# Stereo outputs annoying interference noise from laptop

R

#### Rick Measham

Jan 1, 1970
0
When I use headphones with my laptop, I get no interference noise at
all. However, once I plug it into either the 'aux' or 'tape monitor' of
my (old) stereo (Yamaha CR200), I get an annoying interference noise
(possibly at 50 cycles, but have no way of testing other than superstition)

I assume this is to do with the monitor card as it will stop when I drag
a window around on the screen. No idea why..

As it doesn't happen with headphones, I assume it has something to do
with noise suppression on the stereo somewhere.

Am I heading down the right track? Is there any way to check? Is it
possible to add noise suppression somewhere?

Cheers!
Rick Measham

J

#### Joerg

Jan 1, 1970
0
Hello Rick,
As it doesn't happen with headphones, I assume it has something to do
with noise suppression on the stereo somewhere.

It's ground loops. Noise from the switch mode power supply gets
splattered into the mix which is why the 50Hz probably doesn't sound
like old tube radio hum but more like rat-tat-tat.
Am I heading down the right track? Is there any way to check? Is it
possible to add noise suppression somewhere?

Pretty much the only easy way out is a little audio isolation
transformer (dual version for stereo). I don't know whether Australia
has Radio Shack stores. They call them ground loop isolators:

Regards, Joerg

R

#### Rick Measham

Jan 1, 1970
0
Joerg said:
It's ground loops. Noise from the switch mode power supply gets
splattered into the mix which is why the 50Hz probably doesn't sound
like old tube radio hum but more like rat-tat-tat.

BINGO!

Thanks for that Joerg ..

I've read up on ground loops (excellent site at
http://www.epanorama.net/documents/groundloop) and have discovered that
it is my laptop power supply that is causing the problems. Strangely
both the power supply and the stereo are plugged into the same ground
point on the wall! So i'm guessing that the powersupply is somehow
creating its own ground that is competing with the one in the stereo.
Once I'm on batteries, the noise goes away. Unfortunately my batteries
wont last past the opening title of a DVD!

Now I know where it's coming from I'll start to try to get rid of it. We
don't have RS here in .au, and I can't find similar products yet. I'm a
little against buying such a thing and I'm hoping I can find another way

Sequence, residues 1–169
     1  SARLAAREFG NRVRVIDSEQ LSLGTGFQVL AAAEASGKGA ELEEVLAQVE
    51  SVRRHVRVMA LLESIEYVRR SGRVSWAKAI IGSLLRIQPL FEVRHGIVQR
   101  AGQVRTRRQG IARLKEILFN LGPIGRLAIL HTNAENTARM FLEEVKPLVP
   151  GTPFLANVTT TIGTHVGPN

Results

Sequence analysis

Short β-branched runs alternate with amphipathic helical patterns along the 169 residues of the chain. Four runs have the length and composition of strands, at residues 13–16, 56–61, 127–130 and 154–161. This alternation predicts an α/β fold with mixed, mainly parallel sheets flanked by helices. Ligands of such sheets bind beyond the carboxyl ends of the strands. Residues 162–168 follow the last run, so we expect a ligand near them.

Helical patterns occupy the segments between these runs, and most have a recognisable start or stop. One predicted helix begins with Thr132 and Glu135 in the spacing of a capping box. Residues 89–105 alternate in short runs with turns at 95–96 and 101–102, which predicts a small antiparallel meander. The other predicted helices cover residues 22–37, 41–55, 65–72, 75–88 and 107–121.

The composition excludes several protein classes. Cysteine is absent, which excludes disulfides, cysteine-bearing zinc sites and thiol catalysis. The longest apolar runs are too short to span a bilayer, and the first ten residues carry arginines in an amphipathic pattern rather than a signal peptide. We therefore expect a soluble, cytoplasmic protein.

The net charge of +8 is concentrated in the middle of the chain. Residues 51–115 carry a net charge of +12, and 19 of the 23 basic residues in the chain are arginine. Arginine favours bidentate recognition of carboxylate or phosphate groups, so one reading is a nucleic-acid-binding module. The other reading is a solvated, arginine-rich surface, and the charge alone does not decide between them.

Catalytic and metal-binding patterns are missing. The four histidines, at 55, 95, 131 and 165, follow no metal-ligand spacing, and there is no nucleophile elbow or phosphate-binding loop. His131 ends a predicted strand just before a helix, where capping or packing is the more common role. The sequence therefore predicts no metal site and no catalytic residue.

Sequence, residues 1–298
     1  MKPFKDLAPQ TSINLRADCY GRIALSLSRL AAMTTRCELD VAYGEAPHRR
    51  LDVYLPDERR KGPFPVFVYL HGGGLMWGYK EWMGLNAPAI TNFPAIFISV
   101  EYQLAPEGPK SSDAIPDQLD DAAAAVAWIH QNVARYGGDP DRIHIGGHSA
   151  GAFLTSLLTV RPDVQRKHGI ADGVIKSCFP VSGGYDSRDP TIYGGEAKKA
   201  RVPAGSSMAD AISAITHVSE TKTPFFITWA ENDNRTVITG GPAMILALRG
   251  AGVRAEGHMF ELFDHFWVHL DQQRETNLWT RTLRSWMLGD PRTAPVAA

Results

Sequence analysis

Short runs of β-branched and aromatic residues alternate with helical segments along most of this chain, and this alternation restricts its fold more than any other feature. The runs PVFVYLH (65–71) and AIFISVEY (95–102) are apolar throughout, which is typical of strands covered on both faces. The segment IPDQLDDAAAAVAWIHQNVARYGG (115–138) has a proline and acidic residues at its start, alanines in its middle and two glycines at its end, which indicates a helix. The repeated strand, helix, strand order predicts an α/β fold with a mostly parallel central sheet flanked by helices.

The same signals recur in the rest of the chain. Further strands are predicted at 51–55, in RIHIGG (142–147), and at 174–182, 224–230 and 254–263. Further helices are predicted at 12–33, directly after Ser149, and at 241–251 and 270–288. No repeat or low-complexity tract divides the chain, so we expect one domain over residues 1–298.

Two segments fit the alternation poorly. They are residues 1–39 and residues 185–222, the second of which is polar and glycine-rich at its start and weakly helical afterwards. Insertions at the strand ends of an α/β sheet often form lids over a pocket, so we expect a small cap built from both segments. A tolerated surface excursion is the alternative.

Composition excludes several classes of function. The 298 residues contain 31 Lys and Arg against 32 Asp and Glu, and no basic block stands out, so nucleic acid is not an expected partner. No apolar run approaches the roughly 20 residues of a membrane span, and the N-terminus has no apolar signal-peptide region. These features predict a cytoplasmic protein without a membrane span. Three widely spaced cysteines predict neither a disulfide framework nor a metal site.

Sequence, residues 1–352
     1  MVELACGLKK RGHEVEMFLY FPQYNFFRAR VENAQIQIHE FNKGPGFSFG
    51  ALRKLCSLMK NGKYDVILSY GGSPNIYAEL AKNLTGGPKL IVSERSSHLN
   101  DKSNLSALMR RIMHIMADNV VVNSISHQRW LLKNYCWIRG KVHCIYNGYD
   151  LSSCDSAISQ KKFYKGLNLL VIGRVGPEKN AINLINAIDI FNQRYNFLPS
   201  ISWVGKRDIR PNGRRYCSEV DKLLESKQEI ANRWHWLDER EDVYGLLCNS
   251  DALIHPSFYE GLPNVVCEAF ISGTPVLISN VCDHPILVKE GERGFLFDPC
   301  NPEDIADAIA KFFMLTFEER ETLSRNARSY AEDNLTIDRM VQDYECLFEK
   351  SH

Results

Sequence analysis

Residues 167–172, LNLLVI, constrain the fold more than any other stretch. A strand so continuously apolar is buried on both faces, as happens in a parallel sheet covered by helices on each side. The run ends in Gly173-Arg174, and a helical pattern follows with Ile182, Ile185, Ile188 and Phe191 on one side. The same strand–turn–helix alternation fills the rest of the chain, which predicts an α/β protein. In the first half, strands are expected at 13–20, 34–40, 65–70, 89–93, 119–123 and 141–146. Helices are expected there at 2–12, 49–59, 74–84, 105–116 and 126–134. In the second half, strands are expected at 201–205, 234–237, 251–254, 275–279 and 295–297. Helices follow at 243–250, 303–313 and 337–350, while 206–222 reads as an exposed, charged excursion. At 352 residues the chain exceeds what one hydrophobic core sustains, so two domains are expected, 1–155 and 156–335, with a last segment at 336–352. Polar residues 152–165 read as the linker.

'round it.

Thanks again!
Rick Measham

J

#### Joerg

Jan 1, 1970
0
Hello Rick,
Now I know where it's coming from I'll start to try to get rid of it. We
don't have RS here in .au, and I can't find similar products yet. I'm a
little against buying such a thing and I'm hoping I can find another way
'round it.

It's hard to do it any other way, short of building your own power
supply for the laptop. I just had the same problem in the lab when doing
an FFT on a laptop. Grabbed a little audio transformer from the parts
bin and it was gone.

If you decide to throw in the towel and buy a dual audio transformer I
just looked up Jaycar. They seem to have one that (hopefully) might work
for $19.75, AU$ I guess. Jaycar's catalog number for it is AA3085 and
they call it "Car stereo line isolation transformer". In cars these are
used to reduce alternator whine that somehow ends up in a chassis loop,
a very similar problem to yours. It is likely that auto parts dealers
have these as well, at least they should if they sell those big audio
amps that kids parade through town in their low-rider Hondas.

Regards, Joerg

R

#### RMD

Jan 1, 1970
0
When I use headphones with my laptop, I get no interference noise at
all. However, once I plug it into either the 'aux' or 'tape monitor' of
my (old) stereo (Yamaha CR200), I get an annoying interference noise
(possibly at 50 cycles, but have no way of testing other than superstition)

I assume this is to do with the monitor card as it will stop when I drag
a window around on the screen. No idea why..

As it doesn't happen with headphones, I assume it has something to do
with noise suppression on the stereo somewhere.

Am I heading down the right track? Is there any way to check? Is it
possible to add noise suppression somewhere?

Cheers!
Rick Measham

It is the switching regulator in the laptop power supply causing this.
It appears these supplies drives very large earth currents if you
re-earth them via audio cables to something else already earthed.

Either use an earth isolating arrangement (transformer, opto-coupler)
or operate the laptop from a more conventional power supply. As you
have found it doesn't happen on battery power. Nor will cause
interference from a more conventional non-switching power supply.

These switching regulated light weight power supplies can also cause
quite horrendous AM radio interference if they are in an earth loop
set up too.

Ross

(To get email address ROT 13)
[email protected]

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